Seattle could see one of its largest snowfalls since the 1940s as twin winter storms move over the Pacific Northwest during the next two days, according to the National Weather Service.
Between 5 and 9 inches of snow could hit the Seattle-Tacoma area Wednesday, with 6 to 10 inches falling before the storms pass early Thursday, said Dustin Guy, a meteorologist at the weather service's Seattle office.
Precipitation moving in from the south and west is combining with cold air moving south from Canada to create the heavy snowfall, Guy said. If snowfall amounts top 7 inches, the winter weather event will rank among Seattle's 10 worst since the early 1940s, he said.
Mountainous areas of the Pacific Northwest will see even more snow, with the largest accumulations on the eastern slopes of the Cascades, according to the weather service.
From late Tuesday through early Thursday, 2 feet to 3.5 feet of snow is forecast for the mountains east of Seattle, Guy said.
The first storm was moving over the area Monday into the day Tuesday. The second and stronger storm was forecast to hit Wednesday into Thursday.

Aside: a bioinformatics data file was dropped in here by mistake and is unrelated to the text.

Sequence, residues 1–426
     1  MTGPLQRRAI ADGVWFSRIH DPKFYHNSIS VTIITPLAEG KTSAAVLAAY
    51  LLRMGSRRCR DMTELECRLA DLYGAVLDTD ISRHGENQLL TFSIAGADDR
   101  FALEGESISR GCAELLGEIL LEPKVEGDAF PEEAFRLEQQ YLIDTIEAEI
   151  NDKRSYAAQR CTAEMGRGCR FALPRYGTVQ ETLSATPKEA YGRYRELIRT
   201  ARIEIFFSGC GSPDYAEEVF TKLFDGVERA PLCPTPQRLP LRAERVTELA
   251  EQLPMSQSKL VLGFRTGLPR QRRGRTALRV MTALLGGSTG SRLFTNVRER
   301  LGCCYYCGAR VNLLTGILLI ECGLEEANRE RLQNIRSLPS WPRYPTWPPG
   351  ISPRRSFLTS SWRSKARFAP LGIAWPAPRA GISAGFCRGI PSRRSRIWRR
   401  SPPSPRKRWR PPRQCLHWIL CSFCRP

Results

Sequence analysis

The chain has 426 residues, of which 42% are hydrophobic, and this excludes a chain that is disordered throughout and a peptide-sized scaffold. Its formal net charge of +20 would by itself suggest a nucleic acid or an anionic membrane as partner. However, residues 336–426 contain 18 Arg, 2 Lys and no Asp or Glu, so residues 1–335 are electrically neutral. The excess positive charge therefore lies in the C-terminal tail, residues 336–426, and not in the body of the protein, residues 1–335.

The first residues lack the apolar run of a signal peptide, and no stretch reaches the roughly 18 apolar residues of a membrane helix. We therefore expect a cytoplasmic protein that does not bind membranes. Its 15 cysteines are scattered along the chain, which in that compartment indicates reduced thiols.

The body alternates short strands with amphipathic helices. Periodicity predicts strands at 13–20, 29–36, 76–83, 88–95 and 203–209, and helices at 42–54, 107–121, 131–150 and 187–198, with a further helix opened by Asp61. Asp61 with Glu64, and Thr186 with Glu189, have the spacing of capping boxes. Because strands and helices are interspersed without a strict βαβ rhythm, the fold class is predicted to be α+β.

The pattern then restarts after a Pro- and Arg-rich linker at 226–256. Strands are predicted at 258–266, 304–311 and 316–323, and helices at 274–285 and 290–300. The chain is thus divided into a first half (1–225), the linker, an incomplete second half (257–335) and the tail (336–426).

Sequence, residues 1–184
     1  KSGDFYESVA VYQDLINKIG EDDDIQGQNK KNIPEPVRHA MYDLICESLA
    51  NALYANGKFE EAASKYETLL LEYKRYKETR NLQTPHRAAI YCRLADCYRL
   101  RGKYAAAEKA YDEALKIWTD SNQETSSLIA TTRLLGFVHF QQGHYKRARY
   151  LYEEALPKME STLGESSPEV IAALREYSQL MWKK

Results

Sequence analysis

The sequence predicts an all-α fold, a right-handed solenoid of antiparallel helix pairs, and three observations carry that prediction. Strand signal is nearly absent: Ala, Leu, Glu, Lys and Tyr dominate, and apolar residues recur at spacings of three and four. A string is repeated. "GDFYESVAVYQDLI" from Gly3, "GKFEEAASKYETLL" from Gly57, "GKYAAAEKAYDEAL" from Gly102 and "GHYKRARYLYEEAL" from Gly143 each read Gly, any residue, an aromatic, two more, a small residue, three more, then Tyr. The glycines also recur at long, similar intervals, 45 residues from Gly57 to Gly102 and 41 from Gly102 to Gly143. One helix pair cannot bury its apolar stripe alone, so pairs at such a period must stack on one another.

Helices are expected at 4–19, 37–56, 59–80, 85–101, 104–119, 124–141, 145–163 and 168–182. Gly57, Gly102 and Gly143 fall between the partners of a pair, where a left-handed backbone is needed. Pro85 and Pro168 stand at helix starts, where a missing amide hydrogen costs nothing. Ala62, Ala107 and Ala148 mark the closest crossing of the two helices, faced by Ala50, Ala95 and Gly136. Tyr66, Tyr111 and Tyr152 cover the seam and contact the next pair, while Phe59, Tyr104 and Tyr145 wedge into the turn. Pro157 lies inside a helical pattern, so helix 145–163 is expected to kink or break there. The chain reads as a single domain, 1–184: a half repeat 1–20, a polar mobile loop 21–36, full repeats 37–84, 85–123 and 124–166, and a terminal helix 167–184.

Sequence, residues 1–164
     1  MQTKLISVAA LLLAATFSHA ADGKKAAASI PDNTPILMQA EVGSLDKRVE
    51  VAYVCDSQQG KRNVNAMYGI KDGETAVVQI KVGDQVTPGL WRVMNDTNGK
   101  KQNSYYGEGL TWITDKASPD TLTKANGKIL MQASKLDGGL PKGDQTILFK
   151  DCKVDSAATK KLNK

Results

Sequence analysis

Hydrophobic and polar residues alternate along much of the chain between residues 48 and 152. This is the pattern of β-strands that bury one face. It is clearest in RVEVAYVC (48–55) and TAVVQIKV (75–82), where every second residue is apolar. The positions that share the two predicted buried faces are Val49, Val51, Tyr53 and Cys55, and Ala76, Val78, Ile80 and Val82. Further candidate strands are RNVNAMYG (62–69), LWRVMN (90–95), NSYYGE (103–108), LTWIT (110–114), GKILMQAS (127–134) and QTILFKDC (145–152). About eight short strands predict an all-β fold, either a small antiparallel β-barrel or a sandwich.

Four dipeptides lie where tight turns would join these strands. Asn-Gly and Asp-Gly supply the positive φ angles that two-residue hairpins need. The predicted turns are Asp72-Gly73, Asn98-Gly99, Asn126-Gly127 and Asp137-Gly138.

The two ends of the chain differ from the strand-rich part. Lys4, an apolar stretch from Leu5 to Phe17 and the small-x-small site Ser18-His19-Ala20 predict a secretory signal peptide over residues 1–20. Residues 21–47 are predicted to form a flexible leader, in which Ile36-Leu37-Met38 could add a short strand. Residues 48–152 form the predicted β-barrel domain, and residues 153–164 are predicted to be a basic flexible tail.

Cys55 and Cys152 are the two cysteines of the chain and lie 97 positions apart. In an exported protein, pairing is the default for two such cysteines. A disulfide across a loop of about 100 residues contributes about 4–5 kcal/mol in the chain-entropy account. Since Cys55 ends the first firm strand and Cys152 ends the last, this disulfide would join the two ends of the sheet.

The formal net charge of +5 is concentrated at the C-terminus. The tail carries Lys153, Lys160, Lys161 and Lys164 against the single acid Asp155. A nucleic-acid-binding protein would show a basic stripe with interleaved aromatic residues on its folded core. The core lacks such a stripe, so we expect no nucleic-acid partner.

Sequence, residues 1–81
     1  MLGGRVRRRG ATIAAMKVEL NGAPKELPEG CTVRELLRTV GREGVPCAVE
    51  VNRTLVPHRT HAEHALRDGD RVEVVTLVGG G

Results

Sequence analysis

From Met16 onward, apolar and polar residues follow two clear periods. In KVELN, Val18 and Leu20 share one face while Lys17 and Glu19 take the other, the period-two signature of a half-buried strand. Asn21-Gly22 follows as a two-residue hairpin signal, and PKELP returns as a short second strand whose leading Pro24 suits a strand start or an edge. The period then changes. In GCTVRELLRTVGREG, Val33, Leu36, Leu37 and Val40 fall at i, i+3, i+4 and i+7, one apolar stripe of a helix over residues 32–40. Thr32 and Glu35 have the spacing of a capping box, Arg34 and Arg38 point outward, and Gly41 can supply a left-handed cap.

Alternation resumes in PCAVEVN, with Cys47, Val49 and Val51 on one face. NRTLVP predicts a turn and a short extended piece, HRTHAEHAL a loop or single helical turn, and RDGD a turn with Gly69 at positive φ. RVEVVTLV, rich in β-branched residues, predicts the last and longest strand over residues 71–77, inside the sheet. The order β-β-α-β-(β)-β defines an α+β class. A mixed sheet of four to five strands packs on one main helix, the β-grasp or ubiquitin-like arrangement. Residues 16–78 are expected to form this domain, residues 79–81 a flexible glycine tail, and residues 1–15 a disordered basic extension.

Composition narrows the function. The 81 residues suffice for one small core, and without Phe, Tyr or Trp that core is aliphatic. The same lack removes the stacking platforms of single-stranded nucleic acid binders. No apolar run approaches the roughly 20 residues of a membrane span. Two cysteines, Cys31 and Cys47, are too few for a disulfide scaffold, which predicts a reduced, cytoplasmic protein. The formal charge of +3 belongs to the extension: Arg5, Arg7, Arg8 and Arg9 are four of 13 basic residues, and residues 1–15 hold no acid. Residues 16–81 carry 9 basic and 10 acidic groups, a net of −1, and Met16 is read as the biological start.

"It's pretty big when you get back-to-back storms like that," weather service meteorologist Roger Cloutier said.
Scattered areas near Easton, Washington, along Interstate 90 in the Cascade Mountains 55 miles east of Seattle, have already received 32 inches of snow, Cloutier said.
The snowfall extends south into Oregon, with as much as 18 inches forecast for the Bend area. CNN affiliate KTVZ-TV in Bend said an earlier round of snow over the weekend gave a boost to local ski resorts but also created treacherous driving conditions that left at least one motorist dead.
Those conditions were expected to worsen. Winter storm warnings were in effect across the region.
"Expect extreme travel difficulties to develop on Wednesday," the weather service said, advising those who must take to the roads during the storm to carry a flashlight, blankets and extra food and water.
CNN affiliate KING-TV in Seattle reported that some schools systems canceled or delayed classes Tuesday.
The heavy snowfall will be followed by rain, which could produce ponding water and urban flooding, Guy said.
"It's just gonna be a mess all around," he said of the coming few days in the Seattle area.
Cloutier said even though computer models are trending colder and colder for the coming days, the heavy snow will eventually pose a flooding threat.
"When the snow does finally melt, you can almost guarantee there will be some flooding somewhere," he said.